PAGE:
A resolution to protect students’ privacy regardless of their immigration status will be discussed by Clark County School Board trustees on Thursday.
The resolution by Trustee Carolyn Edwards seeks to signal that “district property is a safe space” for students and staff. It would restrict access to students’ immigration status without parental consent or a court order.
The proposal is the latest in a movement to protect students amid President Donald Trump’s calls to end the federal Deferred Action for Childhood Arrival program, which allows people brought into this country illegally as children to remain here lawfully.
White House press secretary Sean Spicer said Monday that ending the program is not a priority for the new administration.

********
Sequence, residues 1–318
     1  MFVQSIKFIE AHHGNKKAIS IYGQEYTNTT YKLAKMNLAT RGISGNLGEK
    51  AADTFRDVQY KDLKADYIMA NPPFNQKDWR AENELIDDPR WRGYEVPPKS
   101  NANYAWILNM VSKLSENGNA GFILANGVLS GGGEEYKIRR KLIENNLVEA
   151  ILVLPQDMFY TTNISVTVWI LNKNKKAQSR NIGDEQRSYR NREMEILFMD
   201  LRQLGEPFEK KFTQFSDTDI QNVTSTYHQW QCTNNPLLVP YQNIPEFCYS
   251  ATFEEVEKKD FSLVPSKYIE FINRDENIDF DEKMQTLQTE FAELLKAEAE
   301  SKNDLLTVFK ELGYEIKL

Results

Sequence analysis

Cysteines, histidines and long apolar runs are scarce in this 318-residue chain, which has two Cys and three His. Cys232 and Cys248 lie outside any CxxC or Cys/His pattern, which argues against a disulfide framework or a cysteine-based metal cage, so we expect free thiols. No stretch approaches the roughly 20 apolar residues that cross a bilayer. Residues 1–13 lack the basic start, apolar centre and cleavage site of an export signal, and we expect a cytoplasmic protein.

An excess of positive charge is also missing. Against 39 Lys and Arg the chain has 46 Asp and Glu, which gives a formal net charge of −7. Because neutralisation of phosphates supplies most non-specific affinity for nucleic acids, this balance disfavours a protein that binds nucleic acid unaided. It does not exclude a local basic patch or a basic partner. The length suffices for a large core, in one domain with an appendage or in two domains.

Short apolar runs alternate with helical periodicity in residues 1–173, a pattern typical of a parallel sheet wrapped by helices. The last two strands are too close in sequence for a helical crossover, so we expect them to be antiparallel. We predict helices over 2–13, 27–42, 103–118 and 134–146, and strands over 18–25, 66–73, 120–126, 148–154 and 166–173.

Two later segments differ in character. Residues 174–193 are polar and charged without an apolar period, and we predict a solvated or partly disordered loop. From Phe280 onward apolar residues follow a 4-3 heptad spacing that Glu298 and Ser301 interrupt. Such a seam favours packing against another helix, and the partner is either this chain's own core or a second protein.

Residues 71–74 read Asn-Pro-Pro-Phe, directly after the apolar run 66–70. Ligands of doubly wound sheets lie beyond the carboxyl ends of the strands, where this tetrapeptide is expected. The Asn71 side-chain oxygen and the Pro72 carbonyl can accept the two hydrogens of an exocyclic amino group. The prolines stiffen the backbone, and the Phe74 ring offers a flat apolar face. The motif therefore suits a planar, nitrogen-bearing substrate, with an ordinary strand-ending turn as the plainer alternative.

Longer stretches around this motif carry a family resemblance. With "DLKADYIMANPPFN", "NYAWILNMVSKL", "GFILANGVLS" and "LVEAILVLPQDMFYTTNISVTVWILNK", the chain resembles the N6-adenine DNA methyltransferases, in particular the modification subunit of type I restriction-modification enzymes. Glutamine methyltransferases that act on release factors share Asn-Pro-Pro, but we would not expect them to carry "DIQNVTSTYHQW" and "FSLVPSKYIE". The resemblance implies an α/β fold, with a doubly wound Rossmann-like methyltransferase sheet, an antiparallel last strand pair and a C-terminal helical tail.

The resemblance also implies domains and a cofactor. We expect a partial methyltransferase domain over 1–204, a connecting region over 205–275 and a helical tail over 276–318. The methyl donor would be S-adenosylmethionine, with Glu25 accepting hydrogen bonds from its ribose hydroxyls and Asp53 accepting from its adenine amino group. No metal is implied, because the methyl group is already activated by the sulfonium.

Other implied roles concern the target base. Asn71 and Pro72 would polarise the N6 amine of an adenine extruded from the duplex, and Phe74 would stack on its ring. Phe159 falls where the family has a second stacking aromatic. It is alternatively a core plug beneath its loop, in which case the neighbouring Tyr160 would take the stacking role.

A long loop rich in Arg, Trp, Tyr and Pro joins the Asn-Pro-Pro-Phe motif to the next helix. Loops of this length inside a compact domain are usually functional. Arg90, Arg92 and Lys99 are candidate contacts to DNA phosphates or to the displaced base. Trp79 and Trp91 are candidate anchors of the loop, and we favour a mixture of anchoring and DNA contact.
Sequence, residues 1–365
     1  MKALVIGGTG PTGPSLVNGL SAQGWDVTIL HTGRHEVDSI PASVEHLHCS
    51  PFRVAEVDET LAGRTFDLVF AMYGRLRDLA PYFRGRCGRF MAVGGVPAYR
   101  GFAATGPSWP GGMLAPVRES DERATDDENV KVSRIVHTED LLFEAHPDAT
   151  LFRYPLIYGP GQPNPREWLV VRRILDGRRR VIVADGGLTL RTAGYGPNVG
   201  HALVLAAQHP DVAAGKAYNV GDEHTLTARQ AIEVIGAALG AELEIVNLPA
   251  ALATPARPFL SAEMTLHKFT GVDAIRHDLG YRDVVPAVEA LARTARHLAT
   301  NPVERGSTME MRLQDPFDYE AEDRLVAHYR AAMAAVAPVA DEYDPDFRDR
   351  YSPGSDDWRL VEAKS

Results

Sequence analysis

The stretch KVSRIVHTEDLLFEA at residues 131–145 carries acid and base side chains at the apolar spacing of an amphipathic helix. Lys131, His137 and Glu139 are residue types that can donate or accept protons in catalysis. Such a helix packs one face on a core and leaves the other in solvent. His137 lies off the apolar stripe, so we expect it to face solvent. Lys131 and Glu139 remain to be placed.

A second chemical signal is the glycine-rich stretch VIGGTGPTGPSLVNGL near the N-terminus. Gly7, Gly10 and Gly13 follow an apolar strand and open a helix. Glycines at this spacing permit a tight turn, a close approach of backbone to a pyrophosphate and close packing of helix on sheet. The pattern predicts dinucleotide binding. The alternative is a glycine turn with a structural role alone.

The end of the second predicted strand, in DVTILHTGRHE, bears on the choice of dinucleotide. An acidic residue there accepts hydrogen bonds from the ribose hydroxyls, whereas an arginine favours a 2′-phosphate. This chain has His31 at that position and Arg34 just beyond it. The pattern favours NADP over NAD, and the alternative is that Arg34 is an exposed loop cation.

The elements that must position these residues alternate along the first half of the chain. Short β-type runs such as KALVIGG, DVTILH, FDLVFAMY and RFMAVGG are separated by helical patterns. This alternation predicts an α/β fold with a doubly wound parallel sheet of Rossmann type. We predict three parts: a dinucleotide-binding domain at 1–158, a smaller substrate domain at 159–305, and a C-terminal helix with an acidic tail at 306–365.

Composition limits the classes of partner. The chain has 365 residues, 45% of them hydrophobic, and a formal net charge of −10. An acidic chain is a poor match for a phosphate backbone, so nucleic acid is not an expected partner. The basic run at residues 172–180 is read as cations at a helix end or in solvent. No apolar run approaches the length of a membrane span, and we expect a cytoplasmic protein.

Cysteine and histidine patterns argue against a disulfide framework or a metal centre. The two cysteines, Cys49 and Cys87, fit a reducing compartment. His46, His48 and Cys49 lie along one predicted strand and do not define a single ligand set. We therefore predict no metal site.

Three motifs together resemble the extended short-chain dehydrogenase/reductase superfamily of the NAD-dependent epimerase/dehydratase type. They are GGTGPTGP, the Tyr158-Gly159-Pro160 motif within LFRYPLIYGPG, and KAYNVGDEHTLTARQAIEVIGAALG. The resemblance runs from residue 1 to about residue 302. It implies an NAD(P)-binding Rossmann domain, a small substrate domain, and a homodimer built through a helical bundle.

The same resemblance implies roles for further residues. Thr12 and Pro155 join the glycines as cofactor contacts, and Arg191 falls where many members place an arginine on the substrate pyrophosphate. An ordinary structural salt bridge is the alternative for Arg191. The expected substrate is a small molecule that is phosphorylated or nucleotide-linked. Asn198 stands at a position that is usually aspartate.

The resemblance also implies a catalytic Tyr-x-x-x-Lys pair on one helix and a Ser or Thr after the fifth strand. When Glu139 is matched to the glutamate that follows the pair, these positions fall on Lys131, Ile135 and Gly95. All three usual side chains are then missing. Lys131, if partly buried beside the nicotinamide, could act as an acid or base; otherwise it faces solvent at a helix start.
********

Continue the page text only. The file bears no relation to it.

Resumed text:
Edwards said the resolution aims to reassure students that the law will continue to protect them.
“It’s in part a response to the comments made by President Trump that have caused anxiety at a grass-roots level for immigrant families,” she said. “We have a duty to follow the law, and we will continue to do that.”
In accordance with federal law, the district does not share personal information about students or staff with any outside organization, a district spokeswoman said. She added that the district is obligated to educate all students regardless of immigration status.
The Family Educational Rights and Privacy Act prohibits schools from disclosing personal information without a student’s consent. The federal law does have exceptions for judicial orders, subpoenas or certain criminal proceedings.
The resolution comes roughly two months after the nonprofit Rogers Foundation called on educational leaders to make their campuses sanctuaries for students living here illegally.
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